Strong investor interest has seen Uber, the taxi hailing app with big ambitions in the driverless cars industry, pull in $2 billion from a junk bond sale. The massive cash injection is expected to be the company’s last ahead of a massive early 2019 IPO that Uber hopes will value it at $100 billion despite never having come even close to breaking even.
The Financial Times reports that even more could have been pulled into the Uber war chest with investor applications for the debt totalling $3 billion.
The Uber bonds were unfortunately not available to those investing online through retail stock broking accounts. The whole $2 billion placement of 8 and 5-year notes at 8% and 7.5% interest respectively were taken up by institutional investors. The 5-year debt totalled $500 million of the $2 billion and was sold by investment bank Morgan Stanley through a private placement. Morgan Stanley, together with Goldman Sachs, will also be lead underwriter for the Uber IPO in 2019 which is expected to be the biggest on Wall Street in many years. While it hasn’t been confirmed, as a public-facing service provider, it can be expected that those investing online will be able to apply to participate in the IPO by buying Uber shares.
The Uber bond issue marks a continuation of the trend for large companies expanding quickly to combine bonded debt with raising money through the sale of equity. WeWork, the co-working office company, and Tesla, Elon Musk’s electric carmaker, have both seen recent bond issues over-subscribed. Investors hunting for strong yields see the prospect of a guaranteed 7%+ annual return attractive when the issuer is seen as big enough to service the debt even if burning cash. While Uber is expected to bring in revenue of over $10 billion this year it will also again post a heavy loss.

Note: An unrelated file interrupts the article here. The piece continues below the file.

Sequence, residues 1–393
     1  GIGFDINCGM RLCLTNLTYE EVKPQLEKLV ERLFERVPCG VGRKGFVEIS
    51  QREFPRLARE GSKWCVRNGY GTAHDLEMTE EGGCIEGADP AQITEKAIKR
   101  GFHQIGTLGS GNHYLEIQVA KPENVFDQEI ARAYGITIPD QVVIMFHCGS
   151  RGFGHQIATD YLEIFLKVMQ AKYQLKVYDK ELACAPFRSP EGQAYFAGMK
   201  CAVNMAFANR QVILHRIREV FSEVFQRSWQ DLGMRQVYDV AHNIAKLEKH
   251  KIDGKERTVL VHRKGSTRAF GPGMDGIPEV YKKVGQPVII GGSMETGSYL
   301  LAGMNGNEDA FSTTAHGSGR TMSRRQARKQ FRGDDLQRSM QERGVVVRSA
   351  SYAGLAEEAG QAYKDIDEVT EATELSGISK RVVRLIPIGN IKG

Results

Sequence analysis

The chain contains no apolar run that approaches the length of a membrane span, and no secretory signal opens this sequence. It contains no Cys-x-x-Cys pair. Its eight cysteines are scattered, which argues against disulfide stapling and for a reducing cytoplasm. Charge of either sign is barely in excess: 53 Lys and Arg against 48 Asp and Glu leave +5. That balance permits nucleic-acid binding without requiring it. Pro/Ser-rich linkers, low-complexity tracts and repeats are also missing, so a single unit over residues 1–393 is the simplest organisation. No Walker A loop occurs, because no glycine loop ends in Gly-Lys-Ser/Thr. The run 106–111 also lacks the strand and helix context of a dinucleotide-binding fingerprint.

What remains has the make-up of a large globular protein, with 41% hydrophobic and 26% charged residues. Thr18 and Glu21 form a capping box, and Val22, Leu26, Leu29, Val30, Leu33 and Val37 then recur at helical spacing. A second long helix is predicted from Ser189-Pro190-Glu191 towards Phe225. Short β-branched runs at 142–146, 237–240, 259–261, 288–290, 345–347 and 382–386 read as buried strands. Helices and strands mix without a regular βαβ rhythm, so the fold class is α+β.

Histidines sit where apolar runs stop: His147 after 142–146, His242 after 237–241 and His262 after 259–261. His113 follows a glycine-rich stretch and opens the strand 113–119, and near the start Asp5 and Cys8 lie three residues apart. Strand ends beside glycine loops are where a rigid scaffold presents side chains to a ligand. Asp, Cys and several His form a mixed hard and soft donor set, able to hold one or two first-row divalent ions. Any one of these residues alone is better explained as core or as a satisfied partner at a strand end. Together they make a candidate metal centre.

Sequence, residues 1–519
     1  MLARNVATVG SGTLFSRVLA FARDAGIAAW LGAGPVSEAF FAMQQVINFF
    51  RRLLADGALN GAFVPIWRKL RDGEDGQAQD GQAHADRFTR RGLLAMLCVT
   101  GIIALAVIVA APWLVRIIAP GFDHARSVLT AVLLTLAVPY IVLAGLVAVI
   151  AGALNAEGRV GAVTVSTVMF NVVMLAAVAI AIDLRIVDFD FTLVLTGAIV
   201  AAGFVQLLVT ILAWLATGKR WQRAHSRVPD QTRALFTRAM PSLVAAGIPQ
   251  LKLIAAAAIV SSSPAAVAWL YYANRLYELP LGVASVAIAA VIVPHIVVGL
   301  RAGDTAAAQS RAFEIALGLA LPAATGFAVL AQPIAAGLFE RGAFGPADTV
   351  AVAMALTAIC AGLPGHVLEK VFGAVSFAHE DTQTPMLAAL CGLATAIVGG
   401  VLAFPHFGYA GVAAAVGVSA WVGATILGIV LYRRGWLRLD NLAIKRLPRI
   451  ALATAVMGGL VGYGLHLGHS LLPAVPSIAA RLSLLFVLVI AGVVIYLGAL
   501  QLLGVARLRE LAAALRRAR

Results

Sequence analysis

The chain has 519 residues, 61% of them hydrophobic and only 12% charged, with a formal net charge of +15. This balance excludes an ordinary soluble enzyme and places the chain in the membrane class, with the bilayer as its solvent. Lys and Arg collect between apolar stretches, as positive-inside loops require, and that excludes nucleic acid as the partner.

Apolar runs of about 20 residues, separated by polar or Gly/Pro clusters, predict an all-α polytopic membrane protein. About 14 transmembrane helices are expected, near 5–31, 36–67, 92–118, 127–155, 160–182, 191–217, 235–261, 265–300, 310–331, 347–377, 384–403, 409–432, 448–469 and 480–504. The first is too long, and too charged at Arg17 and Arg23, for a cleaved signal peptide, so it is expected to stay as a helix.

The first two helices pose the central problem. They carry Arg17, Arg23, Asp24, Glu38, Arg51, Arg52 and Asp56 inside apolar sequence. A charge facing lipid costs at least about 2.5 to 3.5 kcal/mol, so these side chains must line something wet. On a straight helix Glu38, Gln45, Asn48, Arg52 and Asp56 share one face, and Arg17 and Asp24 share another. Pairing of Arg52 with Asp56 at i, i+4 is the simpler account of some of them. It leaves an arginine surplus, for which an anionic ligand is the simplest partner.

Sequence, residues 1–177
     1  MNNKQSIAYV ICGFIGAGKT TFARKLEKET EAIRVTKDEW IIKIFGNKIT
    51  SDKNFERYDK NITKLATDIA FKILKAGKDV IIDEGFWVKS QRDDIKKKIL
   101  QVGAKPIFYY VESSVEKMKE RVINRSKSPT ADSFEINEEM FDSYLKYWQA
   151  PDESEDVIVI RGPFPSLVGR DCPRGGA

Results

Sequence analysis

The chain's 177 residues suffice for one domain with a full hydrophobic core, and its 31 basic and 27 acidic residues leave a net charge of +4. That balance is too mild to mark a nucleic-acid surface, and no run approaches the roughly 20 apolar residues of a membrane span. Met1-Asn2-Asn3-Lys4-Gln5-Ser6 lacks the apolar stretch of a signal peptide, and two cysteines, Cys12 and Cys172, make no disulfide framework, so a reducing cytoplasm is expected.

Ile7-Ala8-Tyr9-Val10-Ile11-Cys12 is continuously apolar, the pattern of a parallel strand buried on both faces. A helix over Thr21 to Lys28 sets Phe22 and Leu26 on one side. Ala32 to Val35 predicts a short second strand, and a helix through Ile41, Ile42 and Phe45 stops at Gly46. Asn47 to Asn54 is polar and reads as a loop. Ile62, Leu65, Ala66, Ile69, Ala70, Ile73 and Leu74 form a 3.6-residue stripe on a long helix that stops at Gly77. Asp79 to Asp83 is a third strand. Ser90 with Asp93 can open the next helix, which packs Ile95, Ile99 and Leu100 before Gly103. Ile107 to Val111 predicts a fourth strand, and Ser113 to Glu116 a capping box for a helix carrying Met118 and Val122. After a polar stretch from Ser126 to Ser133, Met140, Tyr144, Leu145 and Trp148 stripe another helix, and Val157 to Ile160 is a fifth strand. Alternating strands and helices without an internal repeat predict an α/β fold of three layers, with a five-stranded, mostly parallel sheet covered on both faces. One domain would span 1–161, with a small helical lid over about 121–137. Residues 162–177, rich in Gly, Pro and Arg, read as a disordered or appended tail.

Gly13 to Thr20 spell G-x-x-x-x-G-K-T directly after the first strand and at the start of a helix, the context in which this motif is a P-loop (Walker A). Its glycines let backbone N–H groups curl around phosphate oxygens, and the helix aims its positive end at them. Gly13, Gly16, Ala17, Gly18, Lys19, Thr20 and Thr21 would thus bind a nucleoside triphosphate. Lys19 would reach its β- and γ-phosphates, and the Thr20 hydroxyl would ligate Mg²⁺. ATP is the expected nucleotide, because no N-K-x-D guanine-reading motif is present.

In recent years, markets have been generous to loss-making companies if they are growing quickly and their future market is judged to be big enough to take on the risk of financing their future dominance of it. Uber investors are less interested in the current business model as the one that the ride-hailing app is paving the way to – driverless taxis-on-demand. Much of the losses incurred by Uber are the result of it investing in driverless car technology and building up its brand in anticipation of the moment when driverless taxis replace personally-owned cars. Investor faith in the driverless future is also why Tesla has such a lofty valuation despite never having turned a profit and on revenues a fraction of those of established companies such as Ford and GM that have smaller market capitalisations.
Uber fully intends to put the enthusiasm for an electric and driverless future to the test by valuing itself at $100 billion through its upcoming 2019 IPO. If the valuation being put forward by the banks vying to underwrite the offer is met it would make the Uber IPO the second biggest in history behind only Chinese tech giant Alibaba’s New York float. A major difference is Alibaba was already highly profitable and had relatively low capital expenditure, which sat at 8% of revenue over the 12 months prior to the listing. Uber posted a net loss of $1 billion over Q2 of 2018 as it invests in electric bike sharing, food delivery and it autonomous vehicles unit.
If an IPO were to go ahead at a $100 billion valuation that would be around 10 times Uber’s expected net revenue for 2018. Amazon, a tech-based logistics business that can be compared in some ways is valued at roughly 5 times expected net revenue for 2018. Uber will also have to keep up its heavy spending over the next few years. With the recent tech sell off already leading to Tencent Music, the music streaming arm of Tencent, another Chinese tech goliath, postponing an IPO spin-off, Uber needs to hope that the equities bull market holds out for another several months. An IPO of the scale suggested would be unwise in a bear or volatile market.
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